The official specifications for the futuristic Google Glass augmented reality headsets have been revealed.
Spotted by 9to5Google on an official support page, the Google-authored document reveals exactly what to expect from the head-mounted computers.
A 5MP camera with 720p recording capabilities is built in, alongside 16GB of storage (12GB useable), alongside Wi-Fi and Bluetooth connectivity.
The specs will pair with Android devices running versions 4.0.3 Ice Cream Sandwich or higher through an app called MyGlass, which will let Glass piggyback a phone or tablet’s GPS for mapping info. iPhone compatibility has previously been hinted at too.
Rather than using earphones, the Glass headsets will use bone conduction, vibrating bones in your ear through your head, which despite the description is a pain-free way of getting crystal clear audio far more impressive than most earbuds.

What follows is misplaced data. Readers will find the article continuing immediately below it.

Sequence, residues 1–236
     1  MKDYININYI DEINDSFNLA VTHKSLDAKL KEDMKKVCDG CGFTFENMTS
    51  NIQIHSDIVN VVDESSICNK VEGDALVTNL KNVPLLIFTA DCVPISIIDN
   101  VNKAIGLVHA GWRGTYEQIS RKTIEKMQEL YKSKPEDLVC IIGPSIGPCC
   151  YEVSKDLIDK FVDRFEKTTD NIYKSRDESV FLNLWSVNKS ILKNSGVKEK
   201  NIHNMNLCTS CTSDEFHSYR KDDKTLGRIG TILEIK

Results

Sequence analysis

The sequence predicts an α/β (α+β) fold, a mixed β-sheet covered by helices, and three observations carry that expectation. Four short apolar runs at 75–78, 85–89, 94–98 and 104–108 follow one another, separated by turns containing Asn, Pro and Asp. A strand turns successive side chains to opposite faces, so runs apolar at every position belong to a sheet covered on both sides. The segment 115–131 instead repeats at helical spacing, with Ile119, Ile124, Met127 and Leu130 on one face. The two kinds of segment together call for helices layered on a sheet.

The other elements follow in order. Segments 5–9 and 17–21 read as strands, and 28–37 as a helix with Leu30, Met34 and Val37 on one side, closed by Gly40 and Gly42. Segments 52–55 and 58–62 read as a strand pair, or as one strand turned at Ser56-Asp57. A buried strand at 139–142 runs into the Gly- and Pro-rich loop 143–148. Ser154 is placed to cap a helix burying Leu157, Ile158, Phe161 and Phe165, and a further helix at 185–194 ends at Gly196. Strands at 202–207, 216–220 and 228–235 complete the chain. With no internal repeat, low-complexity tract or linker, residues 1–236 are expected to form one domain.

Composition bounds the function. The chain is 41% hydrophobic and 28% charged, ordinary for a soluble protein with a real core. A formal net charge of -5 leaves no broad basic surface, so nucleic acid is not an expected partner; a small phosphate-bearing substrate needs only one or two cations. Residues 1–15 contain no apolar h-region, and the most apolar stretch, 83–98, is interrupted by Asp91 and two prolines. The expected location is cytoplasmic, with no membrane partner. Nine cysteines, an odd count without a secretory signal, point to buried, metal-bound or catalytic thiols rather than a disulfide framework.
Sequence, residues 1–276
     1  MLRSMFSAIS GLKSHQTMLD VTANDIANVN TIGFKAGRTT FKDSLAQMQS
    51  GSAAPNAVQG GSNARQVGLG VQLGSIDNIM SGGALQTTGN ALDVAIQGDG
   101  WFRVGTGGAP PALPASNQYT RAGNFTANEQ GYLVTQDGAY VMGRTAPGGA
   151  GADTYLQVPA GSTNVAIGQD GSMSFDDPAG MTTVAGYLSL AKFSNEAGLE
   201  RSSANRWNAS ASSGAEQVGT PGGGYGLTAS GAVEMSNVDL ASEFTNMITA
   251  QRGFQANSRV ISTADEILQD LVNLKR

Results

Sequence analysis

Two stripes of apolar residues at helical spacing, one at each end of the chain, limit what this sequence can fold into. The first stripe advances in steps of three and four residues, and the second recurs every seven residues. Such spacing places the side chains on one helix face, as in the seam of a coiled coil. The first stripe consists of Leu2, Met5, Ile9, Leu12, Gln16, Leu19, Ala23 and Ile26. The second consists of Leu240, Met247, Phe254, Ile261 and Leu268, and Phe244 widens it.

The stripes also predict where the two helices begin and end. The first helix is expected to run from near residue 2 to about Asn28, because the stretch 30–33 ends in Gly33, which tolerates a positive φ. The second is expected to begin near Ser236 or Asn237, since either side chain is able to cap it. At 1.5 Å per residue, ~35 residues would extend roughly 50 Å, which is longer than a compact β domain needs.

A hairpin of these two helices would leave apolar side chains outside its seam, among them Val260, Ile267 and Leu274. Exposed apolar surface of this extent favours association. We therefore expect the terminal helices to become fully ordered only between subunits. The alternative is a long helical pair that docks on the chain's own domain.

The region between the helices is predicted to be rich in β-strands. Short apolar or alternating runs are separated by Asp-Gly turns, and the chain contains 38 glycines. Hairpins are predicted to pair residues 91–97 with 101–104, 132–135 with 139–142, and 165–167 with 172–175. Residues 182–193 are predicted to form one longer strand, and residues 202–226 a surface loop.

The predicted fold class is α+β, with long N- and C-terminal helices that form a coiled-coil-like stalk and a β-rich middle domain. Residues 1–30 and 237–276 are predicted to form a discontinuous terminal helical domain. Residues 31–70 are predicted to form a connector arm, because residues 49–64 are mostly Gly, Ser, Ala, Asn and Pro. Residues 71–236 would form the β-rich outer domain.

The screen technology works by by using a tiny projector in the headset, which bounces light off a prism in the glasses directly into your eyes, allowing graphics to be overlaid onto your normal vision and allowing you to see the world around you fairly clearly. It will feel as though looking at a 25-inch screen from a distance of 2 metres.
As for the frames adjustable nosepads and durable materials are used, allowing the Glass to fit all face sizes. A microUSB charger is used to top up the battery, which should last a day’s use, though activities like Google Hangouts or video recording will drain that a bit quickly.
Excited, or terrified? Regardless of your stance on the privacy concerns raised by the technology, there’s no denying that the Google Glass headsets sound very futuristic, particularly that light prism system.